It has been one year since an outbreak of Salmonella Heidelberg was first identified and linked to Foster Farms raw chicken and since then the numbers of individuals affected keeps growing. Last month, an additional 43 people were added to the list of 524 people nationwide sickened by a drug-resistant strain of the bacterial infection linked to chicken processed and marketed by Foster Farms Brand, a California-based company.
The infection has hit people in 25 states and one-third of those individuals have been hospitalized. Hospitalization is necessary when the infection spreads from the intestines to the blood stream, which can be fatal. Generally that happens in Salmonella infections about five percent of the time. In this case it occurred in roughly 13 percent of cases.
Symptoms of salmonella poisoning include diarrhea, fever, and cramps that occur anywhere from 12 to 72 hours after coming in contact with the bacterial infection. Generally, a person will recover in about four to seven days without treatment.
Most of the reports of illness come from California. There are four cases in Florida, 12 in Texas 34 in Arizona and almost 400 in California. The states with the most cases of illness are in the west. The age of individuals affected range from one to 93. Fortunately no one has died.
The symptoms of Salmonella poisoning were reported March 2013 and the outbreak has not been contained since then even though the Centers for Disease Control and Prevention (CDC) officially announced it was over in January of this year. The U.S. Department of Agriculture does not have the definitive link to Foster Farms so it has not ordered a recall, nor has the company offered to voluntarily recall the meat. The fresh chicken, not frozen, appears to be the culprit.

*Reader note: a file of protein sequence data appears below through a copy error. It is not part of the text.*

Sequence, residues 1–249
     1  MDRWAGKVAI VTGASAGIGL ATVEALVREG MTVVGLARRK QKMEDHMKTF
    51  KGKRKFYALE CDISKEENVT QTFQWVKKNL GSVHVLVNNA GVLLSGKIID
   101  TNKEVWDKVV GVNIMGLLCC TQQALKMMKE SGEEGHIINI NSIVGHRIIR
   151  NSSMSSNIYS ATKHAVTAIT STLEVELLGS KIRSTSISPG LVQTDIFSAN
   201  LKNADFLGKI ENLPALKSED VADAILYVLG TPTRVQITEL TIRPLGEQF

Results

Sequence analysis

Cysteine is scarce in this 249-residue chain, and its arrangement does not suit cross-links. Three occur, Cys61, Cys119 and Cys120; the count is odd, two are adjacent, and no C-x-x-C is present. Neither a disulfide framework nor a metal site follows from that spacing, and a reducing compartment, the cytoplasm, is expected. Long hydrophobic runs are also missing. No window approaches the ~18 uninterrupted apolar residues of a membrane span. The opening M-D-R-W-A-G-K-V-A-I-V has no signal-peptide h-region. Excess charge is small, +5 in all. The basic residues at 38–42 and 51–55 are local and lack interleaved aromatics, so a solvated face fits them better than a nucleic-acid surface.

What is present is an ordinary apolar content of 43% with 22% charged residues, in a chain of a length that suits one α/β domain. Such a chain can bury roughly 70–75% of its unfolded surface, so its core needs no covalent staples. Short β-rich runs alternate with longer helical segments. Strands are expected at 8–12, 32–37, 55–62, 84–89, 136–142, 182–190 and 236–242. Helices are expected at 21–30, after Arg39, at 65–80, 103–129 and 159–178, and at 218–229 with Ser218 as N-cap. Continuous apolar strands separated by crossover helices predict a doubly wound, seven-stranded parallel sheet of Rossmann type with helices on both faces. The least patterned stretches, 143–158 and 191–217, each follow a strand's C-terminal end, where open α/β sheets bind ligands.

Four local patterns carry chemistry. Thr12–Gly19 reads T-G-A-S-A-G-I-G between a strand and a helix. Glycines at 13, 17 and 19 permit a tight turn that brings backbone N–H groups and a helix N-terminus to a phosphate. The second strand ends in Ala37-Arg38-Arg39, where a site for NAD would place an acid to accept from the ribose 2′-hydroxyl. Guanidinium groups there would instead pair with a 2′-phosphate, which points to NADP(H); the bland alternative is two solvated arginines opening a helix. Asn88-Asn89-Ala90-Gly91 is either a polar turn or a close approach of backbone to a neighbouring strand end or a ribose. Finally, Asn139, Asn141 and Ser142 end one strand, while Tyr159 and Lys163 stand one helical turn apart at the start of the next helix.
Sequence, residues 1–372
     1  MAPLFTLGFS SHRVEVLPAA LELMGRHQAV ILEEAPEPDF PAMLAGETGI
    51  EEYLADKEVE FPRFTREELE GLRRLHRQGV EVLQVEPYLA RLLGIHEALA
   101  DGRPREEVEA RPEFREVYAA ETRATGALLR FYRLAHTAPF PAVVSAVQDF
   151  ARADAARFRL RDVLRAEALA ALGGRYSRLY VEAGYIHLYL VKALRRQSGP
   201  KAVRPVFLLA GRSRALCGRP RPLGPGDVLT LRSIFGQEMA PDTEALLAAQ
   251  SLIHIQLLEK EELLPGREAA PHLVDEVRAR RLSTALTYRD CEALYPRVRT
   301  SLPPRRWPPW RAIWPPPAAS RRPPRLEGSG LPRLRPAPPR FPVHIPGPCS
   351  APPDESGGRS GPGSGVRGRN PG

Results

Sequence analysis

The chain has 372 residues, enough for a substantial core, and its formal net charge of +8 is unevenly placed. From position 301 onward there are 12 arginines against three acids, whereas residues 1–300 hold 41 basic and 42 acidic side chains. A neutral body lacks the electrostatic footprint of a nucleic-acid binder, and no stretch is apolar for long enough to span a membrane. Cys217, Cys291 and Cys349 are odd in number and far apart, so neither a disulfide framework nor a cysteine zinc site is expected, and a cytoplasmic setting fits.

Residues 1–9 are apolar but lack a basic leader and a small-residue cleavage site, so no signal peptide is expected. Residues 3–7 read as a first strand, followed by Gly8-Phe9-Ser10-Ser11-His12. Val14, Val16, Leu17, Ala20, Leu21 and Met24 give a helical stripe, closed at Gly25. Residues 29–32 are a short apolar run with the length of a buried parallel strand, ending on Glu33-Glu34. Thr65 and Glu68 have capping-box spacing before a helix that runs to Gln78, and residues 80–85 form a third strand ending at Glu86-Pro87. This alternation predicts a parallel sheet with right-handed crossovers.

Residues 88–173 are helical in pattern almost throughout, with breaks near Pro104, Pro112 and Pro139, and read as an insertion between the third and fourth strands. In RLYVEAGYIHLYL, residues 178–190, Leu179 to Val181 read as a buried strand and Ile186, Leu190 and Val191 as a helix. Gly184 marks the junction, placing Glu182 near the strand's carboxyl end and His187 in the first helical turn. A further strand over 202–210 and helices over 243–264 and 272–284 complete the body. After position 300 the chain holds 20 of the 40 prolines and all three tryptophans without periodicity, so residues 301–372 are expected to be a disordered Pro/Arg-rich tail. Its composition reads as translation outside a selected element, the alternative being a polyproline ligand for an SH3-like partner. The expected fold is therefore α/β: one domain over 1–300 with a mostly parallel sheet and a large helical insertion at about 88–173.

Interestingly, last fall the federal government threatened to shut down the California-based company plants because high levels of Salmonella were detected. In response, Foster Farms lowered the level of contamination in its plants.
There is no requirement by the government that meat processing plants be free of Salmonella. The burden is on the consumer to know how to handle all meat properly.
As the weather warms up generally so do outbreaks of Salmonella since bacteria has a warmer host in which to contaminate food. The CDC recommends you wash your hands with soapy water for 20 seconds both before and after handing raw meat of any kind and also wash countertops, cutting boards, dishes and knives with hot soapy water. Do not wash the raw meat because the bacteria can easily spread to other surfaces. Putting one tablespoon of liquid bleach in a gallon of water makes a solution to safely wash and sanitize food contact surfaces.
Of the seven recent strains of Salmonella Heidelberg, 62 percent showed a resistance to one or more antibiotics and 31 percent had a multidrug resistance. That means they cannot be treated with the commonly prescribed antibiotics including ampicillin, chloramphenicol, gentamicin, streptomycin, kanamycin, tetracycline and sulfisoxazole. This appears to be a trend among all cases so far this year.
Last October, the CDC reported an outbreak of Salmonella Heidelberg that originated in chicken sold by Costco.